Remember Shaun King, the Tulane Green Wave quarterback that led them to a 12-0 record and top ten national ranking? That was 18 years ago. It seems so much more recent than 1998. Wow, time has gotten away since things were going so well for the Green Wave.
Since then it has been rough; from Hurricane Katrina and a season full of road games to a series of coaching staffs that could never find consecutive successful seasons, Tulane has been unable to build upon the potential of that magical season.
For the first time in ages, there is an aura of excitement in New Orleans as former Georgia Southern head coach Willie Fritz left the Sun Belt program for Tulane and the AAC. Even with Fritz taking the job, this job was still ranked as the worst of the 12 head coaching jobs in the AAC.
How does the Tulane head coaching job stack up versus other jobs in the AAC?
- A recruiting hotbed. Louisiana is one of the best states at producing FBS talent despite a population under five million. They have over 60 Louisiana natives on the current roster.
- The opening of Yulman Stadium. Getting a beautiful new on-campus stadium to replace playing at the Superdome is a big deal.
- No short leashes. Between Curtis Johnson (4 years), Bob Toledo (5 years), and Chris Scelfo (9 years), coaches are given a chance to bring in their recruits and succeed.
- The right coach can make it work. Tommy Bowden took over a program that was 2-9 in 1996 and proceeded to go 7-4 and 12-0 before leaving for Clemson.
- The budget at Tulane will never compare to most of the AAC. There is a game plan that shows an initiative to increase the athletic budget, but an overall budget of $25,000,000 is nowhere near the level of other programs.
- Lack of success. Since 1980, Tulane has ended the season with a winning record seven times and five bowl games.
- Not a destination job. Only one coach, Clark Shaughnessy from 1915-1926, has stayed longer than 10 years as head coach. Chris Scelfo, nine seasons, is the only head coach since the 1950s to stay longer than five seasons.
Making the case for why it should be ranked higher than 12th: Nic Lewis, Managing Editor
I was tempted to simply type "they aren't Tulsa" and be done with it. It is most certainly true that Tulane is a ways behind most other AAC programs in terms of financial investment in the program. It's also at least somewhat true that one of the biggest reasons they're in the AAC is because they're in New Orleans and the AAC wanted to accumulate media markets, not just sports programs.
But look at the positives. This is a great job for someone looking to make a name for themselves; there are no expectations to live up to, so you can grow along with the program and not get Solich-ed out of a job when you don't win 10 games. If you're looking for a program that needs some rebuilding, your best bet is one that has low to no expectations about how you do it or where it ends up.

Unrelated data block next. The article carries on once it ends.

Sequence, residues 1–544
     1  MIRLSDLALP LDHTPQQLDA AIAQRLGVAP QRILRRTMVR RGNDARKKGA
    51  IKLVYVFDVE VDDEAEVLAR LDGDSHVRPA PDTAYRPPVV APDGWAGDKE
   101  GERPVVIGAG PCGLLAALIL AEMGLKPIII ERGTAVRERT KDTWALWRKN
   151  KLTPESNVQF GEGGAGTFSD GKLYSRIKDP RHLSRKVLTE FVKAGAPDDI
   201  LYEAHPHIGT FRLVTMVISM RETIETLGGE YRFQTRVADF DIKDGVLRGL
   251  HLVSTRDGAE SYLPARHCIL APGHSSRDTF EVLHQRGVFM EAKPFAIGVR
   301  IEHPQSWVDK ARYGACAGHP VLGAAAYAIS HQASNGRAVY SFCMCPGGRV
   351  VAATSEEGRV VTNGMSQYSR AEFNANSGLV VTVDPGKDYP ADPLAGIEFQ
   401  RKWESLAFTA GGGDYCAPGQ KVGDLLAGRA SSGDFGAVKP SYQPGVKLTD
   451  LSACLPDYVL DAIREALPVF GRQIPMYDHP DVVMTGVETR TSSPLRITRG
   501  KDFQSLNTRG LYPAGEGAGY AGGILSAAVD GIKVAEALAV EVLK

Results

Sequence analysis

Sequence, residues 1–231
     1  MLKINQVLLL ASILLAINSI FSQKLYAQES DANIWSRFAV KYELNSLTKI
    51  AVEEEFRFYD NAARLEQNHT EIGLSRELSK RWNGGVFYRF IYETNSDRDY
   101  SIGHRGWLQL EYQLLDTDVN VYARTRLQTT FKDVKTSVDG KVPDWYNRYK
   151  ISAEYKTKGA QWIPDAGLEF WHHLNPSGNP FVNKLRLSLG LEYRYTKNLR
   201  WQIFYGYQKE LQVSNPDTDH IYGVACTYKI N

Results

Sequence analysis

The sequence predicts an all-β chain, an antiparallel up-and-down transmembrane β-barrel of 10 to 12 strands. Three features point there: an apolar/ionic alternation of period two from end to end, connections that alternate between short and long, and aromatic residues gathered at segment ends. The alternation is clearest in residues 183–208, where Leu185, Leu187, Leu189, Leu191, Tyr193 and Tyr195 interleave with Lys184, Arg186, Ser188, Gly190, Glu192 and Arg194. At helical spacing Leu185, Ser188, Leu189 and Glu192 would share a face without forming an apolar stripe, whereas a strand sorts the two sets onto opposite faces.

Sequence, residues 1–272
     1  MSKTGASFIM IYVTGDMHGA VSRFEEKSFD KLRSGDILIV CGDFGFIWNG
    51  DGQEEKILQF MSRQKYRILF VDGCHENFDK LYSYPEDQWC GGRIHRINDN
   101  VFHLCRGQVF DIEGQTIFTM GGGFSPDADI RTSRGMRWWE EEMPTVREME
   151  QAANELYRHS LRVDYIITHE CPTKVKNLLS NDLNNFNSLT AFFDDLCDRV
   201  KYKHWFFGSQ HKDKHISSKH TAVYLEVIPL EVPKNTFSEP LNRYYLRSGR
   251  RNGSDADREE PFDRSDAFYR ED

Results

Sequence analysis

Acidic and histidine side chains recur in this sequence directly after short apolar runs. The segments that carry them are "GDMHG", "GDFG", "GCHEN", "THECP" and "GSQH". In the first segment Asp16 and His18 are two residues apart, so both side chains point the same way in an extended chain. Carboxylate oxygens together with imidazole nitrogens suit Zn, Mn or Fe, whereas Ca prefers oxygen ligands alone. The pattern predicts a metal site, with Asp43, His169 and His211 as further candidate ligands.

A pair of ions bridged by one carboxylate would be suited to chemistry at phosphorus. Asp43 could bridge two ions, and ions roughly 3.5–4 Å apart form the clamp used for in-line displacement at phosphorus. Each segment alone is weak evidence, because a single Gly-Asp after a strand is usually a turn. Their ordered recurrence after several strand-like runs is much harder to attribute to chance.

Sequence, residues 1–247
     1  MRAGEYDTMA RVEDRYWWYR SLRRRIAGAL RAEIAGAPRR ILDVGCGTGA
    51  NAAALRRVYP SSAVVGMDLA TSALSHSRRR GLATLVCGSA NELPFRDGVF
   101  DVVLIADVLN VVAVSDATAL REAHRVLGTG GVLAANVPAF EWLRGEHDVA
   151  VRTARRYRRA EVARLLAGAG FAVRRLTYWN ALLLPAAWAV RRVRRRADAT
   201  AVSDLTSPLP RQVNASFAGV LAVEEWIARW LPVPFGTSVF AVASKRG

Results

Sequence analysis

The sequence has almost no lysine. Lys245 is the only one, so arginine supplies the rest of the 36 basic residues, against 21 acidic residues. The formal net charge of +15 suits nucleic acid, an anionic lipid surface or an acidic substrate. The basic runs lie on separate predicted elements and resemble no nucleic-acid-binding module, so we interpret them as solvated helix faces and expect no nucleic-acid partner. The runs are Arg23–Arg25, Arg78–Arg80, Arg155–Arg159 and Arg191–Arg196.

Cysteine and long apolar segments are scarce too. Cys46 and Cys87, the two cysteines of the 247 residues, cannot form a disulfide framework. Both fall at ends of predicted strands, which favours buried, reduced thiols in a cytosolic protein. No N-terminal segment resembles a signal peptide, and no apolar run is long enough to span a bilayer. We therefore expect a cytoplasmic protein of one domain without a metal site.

You're also in a city that has a lot going on culturally that you can build into your gameday experiences, and in terms of sports two-thirds of your competition is "a very mediocre minor league baseball team in a mediocre venue" and "a very mediocre basketball team whose venue is tucked up the ass crack of the Superdome". There are numerous demographics ripe for the pickings, especially now that they aren't having to drag their asses downtown to sit in a 80% empty dome.
Also, did I mention that they have craft beer on tap? Yes, not only is Yulman on the short list of on-campus stadiums that sell beer, it's legitimately good craft beer. I personally am going to attend one Tulane and one LSU game next season, but if I had to choose I would take cozy Yulman and its craft beer over LSU's concrete-and-no-beer combination every time.
If you were playing NCAA football in an online dynasty...
You want to see the team decked out in those sweet blue uniforms. You are the type that likes to rebuild from the bottom up and prove that any job can be successful with the right person in charge.
Tulane will not have many players with high rankings in any category, but fighting through a tough season or two and adding recruits, they can be virtually any type of offense or defense. The Green Wave is the ultimate blank slate of a program to build just as you prefer from the very beginning.
If you choose this job in real life...
You enjoy job security while getting a chance to build a program just like you want it. A coach that takes the job at Tulane is given a very long leash and has an administration that is actively trying to figure out how to bring more money into the budget.
It also helps if you love New Orleans. You are the only FBS program in New Orleans and can build a very nice fan base if you start winning.
It is hard to compare Tulane with other AAC members that have much higher budgets, enrollments, and regular success over time. The job, at its best, could barely break the top six in conference jobs, but that is not a bad thing.
Much of the negative talk about this job is in comparison to other AAC jobs. When comparing this job to the Sun Belt, Conference USA, MAC, and MWC jobs, coaching the Green Wave moves up the list rather quickly.
Tulane will always have a hard time erasing the reputation of being a stepping stone job to something better. Whether it is Tommy Bowden and Clemson or Mack Brown and North Carolina, it will be hard to keep a star coach with the program.